Disc One

  1. Freeway (5:14)
  2. Waiting For The Right Time (4:15)
  3. Your Life (6:26)
  4. Man On The Moon (4:02)
  5. Every Single Night In Jamaica (5:16)
  6. Stay Elaine (3:44)
  7. Barking Up The Right Tree (3:21)
  8. Garden of Flowers (4:14)
  9. Watching You Out There (5:35)
  10. You & I (5:47)
    Disc Two (Deluxe Edition only)

  1. Your Life (extended) (7:40)
  2. Garden Of Flowers (alternative) (5:53)
  3. Seven (3:50)
  4. There’s Only So Much You Can Do (3:29)
  5. Freeway (extended) (12:06)

Released by: The LAST Label
Release date: June 25, 2012
Total running time: 48:32 (single disc) / 33:13 (deluxe edition bonus disc)

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fun. – Some Nights

fun. - Some Nightsfun.’s debut album was one of those musical first-stretches-out-of-the-starting-gate that made one wonder how the group would top that in the second leg of the race. It turns out they’re doing it quite nicely, even though there are a few stylistic quirks to Some Nights that left me feeling a little bit old. The rock-solid songwriting is more evocative of Queen than ever, and that alone makes fun. worth following.

When I reviewed the group’s first album, I found myself wondering if their chosen band name might be a liability. Perhaps I was worrying too much – in the months leading up to the release of Some Nights, fun. managed to step up its promotional game considerably. The song “We Are Young” was highlighted on Glee months in advance of the album, and it’s also been picked up for a major national advertising campaign as well. This sort of thing shouldn’t be considered “selling out” – if anything, in the download age, strategic licensing of one’s music is bread and butter, and I don’t hold it against anybody trying to get a song placed in an ad campaign. These alliances have served as a showcase of fun.’s music, giving the band the kind of exposure that, in these dying days of radio, no amount of payola can buy.

And it’s really good music. That’s already been mentioned, hasn’t it? It’s really good music. The title track is split across an extended intro and the main song itself; if for no other reason than the prominent F-bomb, the intro will likely be skipped in nearly every broadcast venue. (It’s rather stunning that there’s a video for it, and an uncensored one at that.) “Some Nights” is the first indication that the album of the same name is an entire album of anthems – nearly every song is a celebration of its subject matter, whether it’s youth and the excesses that go with it (“Some Nights” and the perfectly-pitched ’50s rock pastiche “We Are Young”), and resilience in the face of opposition (“Carry On”, “It Gets Better”). With the exception of the world-weary but beautiful “Carry On” (my early favorite out of the entire album) and “Why Am I The One”, Some Nights is upbeat and fun.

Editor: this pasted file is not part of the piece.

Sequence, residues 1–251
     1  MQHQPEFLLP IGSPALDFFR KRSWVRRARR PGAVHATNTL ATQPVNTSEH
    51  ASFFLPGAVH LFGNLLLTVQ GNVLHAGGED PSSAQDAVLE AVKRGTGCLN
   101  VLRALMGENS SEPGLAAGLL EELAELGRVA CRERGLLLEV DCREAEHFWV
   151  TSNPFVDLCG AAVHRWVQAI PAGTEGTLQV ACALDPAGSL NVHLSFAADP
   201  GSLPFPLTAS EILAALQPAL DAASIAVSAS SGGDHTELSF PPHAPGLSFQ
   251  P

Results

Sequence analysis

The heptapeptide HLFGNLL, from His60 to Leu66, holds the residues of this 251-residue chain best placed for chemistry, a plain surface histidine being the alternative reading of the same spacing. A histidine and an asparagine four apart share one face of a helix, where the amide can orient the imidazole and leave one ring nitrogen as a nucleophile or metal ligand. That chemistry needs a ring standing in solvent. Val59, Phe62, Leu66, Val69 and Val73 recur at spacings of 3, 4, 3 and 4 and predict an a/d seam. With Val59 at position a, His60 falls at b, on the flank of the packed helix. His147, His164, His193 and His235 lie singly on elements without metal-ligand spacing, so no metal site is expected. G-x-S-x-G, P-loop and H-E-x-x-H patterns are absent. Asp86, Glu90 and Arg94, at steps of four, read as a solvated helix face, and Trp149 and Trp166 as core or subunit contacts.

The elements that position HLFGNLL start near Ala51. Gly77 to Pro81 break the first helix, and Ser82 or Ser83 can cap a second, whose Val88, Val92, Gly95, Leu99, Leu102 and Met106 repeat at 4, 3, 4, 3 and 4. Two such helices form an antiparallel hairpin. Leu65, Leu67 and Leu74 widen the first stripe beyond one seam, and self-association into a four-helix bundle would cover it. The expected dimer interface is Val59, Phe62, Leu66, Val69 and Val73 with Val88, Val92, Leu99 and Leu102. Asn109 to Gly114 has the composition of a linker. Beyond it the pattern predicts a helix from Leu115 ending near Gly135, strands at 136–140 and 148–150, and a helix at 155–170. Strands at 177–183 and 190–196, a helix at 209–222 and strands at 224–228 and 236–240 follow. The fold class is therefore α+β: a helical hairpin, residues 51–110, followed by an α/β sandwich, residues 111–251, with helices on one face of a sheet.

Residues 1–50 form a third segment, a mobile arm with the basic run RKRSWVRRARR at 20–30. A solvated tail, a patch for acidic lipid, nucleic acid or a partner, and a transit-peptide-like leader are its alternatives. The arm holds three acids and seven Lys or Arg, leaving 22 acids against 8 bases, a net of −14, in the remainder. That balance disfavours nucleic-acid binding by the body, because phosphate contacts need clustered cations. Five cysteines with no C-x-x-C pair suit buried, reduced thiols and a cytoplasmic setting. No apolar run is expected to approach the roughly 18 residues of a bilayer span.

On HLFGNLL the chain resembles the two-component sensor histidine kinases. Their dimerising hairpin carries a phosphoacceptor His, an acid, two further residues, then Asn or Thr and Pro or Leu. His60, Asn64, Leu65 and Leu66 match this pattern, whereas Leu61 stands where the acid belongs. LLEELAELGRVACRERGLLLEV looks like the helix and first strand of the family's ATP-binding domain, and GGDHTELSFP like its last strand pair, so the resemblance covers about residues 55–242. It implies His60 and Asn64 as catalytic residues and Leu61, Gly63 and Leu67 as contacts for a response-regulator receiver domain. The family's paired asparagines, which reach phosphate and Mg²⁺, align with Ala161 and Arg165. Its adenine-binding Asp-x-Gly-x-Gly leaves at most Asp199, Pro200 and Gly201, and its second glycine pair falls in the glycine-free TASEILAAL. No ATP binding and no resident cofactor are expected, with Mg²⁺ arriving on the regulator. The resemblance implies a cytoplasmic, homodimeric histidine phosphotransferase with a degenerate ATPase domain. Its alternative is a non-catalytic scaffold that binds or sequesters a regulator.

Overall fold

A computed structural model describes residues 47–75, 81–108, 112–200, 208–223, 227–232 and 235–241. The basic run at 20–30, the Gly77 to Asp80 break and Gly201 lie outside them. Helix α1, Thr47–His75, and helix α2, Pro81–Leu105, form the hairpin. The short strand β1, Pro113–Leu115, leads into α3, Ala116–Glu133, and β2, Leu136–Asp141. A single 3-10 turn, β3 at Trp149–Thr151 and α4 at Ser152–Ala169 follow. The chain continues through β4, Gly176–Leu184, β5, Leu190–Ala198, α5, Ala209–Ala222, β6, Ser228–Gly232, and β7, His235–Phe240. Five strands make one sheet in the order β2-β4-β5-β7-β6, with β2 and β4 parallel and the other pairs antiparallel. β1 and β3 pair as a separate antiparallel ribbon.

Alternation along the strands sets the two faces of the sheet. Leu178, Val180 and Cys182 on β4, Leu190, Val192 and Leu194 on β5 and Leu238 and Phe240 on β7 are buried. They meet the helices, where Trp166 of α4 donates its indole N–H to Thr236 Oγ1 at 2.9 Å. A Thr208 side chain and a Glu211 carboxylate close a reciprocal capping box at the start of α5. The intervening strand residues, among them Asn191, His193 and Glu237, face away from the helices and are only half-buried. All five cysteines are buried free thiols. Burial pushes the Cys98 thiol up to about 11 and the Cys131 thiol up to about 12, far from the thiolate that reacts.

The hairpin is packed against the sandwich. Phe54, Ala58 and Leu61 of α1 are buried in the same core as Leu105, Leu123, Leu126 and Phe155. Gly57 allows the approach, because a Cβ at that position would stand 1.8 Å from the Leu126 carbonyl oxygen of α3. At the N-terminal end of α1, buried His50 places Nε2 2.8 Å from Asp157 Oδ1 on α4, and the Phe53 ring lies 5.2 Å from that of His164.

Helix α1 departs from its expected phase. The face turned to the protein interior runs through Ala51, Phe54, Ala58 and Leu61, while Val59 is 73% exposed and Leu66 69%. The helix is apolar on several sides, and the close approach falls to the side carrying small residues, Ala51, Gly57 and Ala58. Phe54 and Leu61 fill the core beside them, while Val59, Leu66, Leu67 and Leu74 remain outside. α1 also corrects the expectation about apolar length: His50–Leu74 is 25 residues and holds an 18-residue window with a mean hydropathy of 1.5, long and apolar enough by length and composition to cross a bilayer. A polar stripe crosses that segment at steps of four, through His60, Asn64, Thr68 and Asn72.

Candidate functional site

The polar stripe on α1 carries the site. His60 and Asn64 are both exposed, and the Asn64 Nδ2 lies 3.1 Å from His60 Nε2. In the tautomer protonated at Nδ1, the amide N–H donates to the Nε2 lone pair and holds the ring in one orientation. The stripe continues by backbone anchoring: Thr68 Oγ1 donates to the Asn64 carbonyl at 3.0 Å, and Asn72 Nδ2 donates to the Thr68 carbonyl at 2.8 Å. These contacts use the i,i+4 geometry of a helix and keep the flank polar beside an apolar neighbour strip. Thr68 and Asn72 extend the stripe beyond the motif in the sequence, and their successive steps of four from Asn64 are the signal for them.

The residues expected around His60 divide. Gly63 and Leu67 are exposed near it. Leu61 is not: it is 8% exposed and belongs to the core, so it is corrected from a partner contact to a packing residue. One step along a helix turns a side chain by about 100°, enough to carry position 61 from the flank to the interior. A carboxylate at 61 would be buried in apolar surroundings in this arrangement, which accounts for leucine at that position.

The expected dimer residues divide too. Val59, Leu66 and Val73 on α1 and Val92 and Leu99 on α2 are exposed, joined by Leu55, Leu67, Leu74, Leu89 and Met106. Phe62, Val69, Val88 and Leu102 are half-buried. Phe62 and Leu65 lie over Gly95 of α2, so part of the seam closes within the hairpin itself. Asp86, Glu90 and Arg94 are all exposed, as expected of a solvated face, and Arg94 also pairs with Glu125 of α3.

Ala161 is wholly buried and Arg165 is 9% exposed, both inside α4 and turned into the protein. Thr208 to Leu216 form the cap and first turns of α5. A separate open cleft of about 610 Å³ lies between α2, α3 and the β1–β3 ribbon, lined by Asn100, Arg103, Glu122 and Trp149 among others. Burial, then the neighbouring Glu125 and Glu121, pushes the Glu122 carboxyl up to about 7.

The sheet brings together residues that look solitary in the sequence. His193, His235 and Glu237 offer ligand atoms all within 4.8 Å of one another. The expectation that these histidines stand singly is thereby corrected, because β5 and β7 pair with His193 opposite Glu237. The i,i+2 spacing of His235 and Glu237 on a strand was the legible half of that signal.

If I have a bone to pick with Some Nights, it’s the utterly bizarre use of auto-tune on several songs. I know it’s standard-issue in any studio at this point, but I can’t think of a band that needs it less. After Aim & Ignite, lead singer Nate Ruess was almost inevitably compared to Freddie Mercury of Queen, and given the very operatic, Queen-like “Some Nights Intro”, it would seem that he’s cool with that comparison (and really, what a voice to be compared to!). If there’s a voice in rock music today that needs auto-tune less than Nate Ruess, please point me that way because that person’s probably singing some good stuff too. It’s used here as a style choice, just another tool in the studio arsenal, but I can’t help but feel that it mars the proceedings when it rears its head. Nate Ruess does not need auto-tune. He may just be the best voice in rock today, and I’ll bet he could’ve hit every note without the studio trickery – it cheapens that voice 4 out of 4to turn him into a singing robot.

Give or take a couple of production choices that make it unwisely easy to downplay what an amazing voice fun.’s frontman has, Some Nights is definitely worthy of the hype and build-up that it got. You should definitely keep your eyes and ears on fun.

Order this CD

  1. Some Nights Intro (2:17)
  2. Some Nights (4:37)